This article is brought to you by our partners at Milestone Rome, an Italian independent cultural project bringing together digital innovation and art history to share Rome's cultural heritage with accuracy and authenticity. In this article, they examine the enduring icon of Rome's artistic heritage, the Trevi Fountain. One of Manimenti's own artisans, master gilder Maurizio Carletti, participated in its recent restoration efforts.


  Nicola Salvi, Fontana di Trevi, 1732, Rome, (C) David Iliff.

Nicola Salvi, Fontana di Trevi, 1732, Rome, (C) David Iliff.

“This fountain is superb, majestic, luxurious and as a whole of astonishing beauty”: these are the words thoroughly chosen by Francesco Milizia in his Memories of 1785 to describe the Trevi fountain, a masterpiece originally designed by the architect Nicola Salvi and deemed as the most magnificent and worthy ornament of the 18th century Rome.

Various events entailed the transformation of the ultimate place where the fountain would have been built in the terminal area of the Aqua Virgo, a Roman aqueduct which had here one of its castelli, the typical hydraulic towers with basins and openings for water distribution. 

The triumph of the project by Nicola Salvi (Rome, 1697 – Rome, 1751) was upheld in 1732 by the patronage of pope Clemente XII, born Lorenzo Corsini (Florence, 1652- Rome, 1740) in harmony with the best cultural spirit of Rome, sensitive to the fruitful contrast between the taste for classical Antiquity and the modern achievements of artistic creation.

An imposing statue of Oceanus driving a shell-shaped chariot dominates the marine environment, sumptuously populated by mythological animals and allegorical figures. 

  Nicola Salvi, Fontana di Trevi, Rome (detail of Oceanus by Pietro Bracci, ca. 1759-1762), (C) Mike Gnuckx.

Nicola Salvi, Fontana di Trevi, Rome (detail of Oceanus by Pietro Bracci, ca. 1759-1762), (C) Mike Gnuckx.

The fountain orchestrates and blends elements primarily from the 16th century Renaissance as the balanced articulation of Palazzo dei Conservatori by Michelangelo Buonarroti and the alternate rhythm of the Palladian architecture. A classical inspiration can be particularly recognized in the central structure that appears analogous to an ancient triumphal arch, with a big fornix and two lateral sectors adorned with sculptures and reliefs. Nevertheless, the amplifying of the central arch in the façade of Palazzo di Poli welds this artwork to the grandiose inventions by Gian Lorenzo Bernini and Pietro da Cortona. Rising from the water, the Travertine rock converting to architecture is reminiscent of Bernini’s Palazzo Montecitorio. Salvi masterly employed the expressive Baroque means of both sculpture and architecture in order to spectacularly arrange the allegory of water, a suggestive feast of monumental and powerful beauty.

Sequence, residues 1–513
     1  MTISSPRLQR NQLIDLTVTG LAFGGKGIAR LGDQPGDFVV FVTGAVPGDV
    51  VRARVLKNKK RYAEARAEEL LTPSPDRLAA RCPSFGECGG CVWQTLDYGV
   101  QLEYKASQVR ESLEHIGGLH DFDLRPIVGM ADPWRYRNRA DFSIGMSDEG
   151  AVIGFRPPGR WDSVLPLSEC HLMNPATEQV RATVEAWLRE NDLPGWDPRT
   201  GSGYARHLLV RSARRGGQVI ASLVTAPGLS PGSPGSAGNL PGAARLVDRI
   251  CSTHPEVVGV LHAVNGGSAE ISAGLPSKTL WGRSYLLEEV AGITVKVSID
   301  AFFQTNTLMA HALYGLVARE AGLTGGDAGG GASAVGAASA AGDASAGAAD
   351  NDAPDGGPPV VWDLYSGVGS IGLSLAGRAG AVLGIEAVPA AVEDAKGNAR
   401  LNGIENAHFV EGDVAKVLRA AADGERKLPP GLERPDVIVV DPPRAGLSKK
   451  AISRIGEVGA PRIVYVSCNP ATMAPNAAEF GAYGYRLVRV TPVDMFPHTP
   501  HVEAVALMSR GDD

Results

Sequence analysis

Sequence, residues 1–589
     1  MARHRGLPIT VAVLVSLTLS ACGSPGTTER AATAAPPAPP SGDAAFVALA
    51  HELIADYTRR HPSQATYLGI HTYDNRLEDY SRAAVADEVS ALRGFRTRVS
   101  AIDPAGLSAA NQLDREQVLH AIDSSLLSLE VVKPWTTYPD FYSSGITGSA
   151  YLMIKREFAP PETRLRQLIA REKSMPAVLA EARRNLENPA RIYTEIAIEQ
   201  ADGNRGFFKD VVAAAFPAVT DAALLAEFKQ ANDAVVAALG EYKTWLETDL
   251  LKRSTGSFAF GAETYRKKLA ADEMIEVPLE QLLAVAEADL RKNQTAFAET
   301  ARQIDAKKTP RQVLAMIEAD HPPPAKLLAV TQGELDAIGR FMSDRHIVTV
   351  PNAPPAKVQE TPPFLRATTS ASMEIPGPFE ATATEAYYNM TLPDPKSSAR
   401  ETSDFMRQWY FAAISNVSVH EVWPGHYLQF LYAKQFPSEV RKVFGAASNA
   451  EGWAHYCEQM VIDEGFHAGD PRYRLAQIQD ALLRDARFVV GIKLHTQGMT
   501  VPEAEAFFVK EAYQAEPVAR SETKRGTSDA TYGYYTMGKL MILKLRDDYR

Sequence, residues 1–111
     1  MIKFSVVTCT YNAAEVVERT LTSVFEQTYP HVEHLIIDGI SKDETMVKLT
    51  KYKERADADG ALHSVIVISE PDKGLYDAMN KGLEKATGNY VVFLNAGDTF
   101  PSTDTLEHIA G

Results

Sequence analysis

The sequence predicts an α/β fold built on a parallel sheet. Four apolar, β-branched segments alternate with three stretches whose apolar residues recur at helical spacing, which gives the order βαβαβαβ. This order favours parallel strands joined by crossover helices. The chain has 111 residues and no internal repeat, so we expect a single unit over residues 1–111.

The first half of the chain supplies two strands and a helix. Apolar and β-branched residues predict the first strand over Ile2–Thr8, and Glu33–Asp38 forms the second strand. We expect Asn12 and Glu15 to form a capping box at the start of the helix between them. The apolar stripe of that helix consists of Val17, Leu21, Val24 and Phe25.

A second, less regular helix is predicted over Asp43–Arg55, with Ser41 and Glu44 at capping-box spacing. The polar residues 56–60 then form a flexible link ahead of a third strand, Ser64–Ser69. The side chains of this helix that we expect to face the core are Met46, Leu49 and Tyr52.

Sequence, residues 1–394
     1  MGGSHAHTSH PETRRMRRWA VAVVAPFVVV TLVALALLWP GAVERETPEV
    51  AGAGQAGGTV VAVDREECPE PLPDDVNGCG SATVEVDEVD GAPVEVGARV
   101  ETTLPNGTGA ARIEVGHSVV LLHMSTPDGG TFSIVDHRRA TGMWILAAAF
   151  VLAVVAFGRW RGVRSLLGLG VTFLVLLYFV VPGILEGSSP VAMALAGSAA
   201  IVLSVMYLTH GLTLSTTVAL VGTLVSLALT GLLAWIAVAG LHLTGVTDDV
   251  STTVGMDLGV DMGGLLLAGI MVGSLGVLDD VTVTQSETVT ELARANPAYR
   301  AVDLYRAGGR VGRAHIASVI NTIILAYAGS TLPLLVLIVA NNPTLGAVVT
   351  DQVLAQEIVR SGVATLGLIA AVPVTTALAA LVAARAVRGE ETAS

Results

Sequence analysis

The strength and the purity of the ancient Aqua Virgo has thus crystallized in an eternal myth, made of the stone, water and light of Rome. 


Milestone Rome is an Italian independent cultural project aimed at spreading the love for the Eternal City and bequeathing the truthful knowledge of its cultural heritage through art historical paths enhanced by digital technologies. For more information on our partners Milestone Rome, and to explore the in-depth art history of the Eternal City, visit www.milestonerome.com and connect on TwitterInstagram, or facebook @milestonerome.


References:

  1. Kieven, E. (2005). Alcuni aspetti dell'architettura romana del Settecento. In A. Lo Bianco, & A. Negro (A cura di), Il Settecento a Roma, catalogo della mostra (Roma, Palazzo Venezia, 10 novembre 2005 - 26 febbraio 2006)) (p. 25-33). Milano: Silvana Editoriale.
  2. Kieven, E. (1984). Revival del Berninismo durante il Pontificato di Clemente XII. In G. Spagnesi, & M. Fagiolo (A cura di), Gian Lorenzo Bernini Architetto e l'architettura europea del Sei-Settecento, Atti del convegno del 1981 (Vol. II). Roma.
  3. Kieven, E. (2000). Roma tra il 1730 e il 1758. In G. Curcio, & E. Kieven (A cura di), Storia dell'architettura italiana. Il Settecento (p. 184-208). Milano: Electa.
  4. Milizia, F. (1785). Memorie degli architetti antichi e moderni. Quarta edizione accresciuta e corretta dallo stesso autore (Vol. 2). Bassano: a spese Remondini di Venezia.
  5. Schiavo, A. (1956). La Fontana di Trevi e le altre opere di Nicola Salvi. Roma: Ist. Poligrafico dello Stato.

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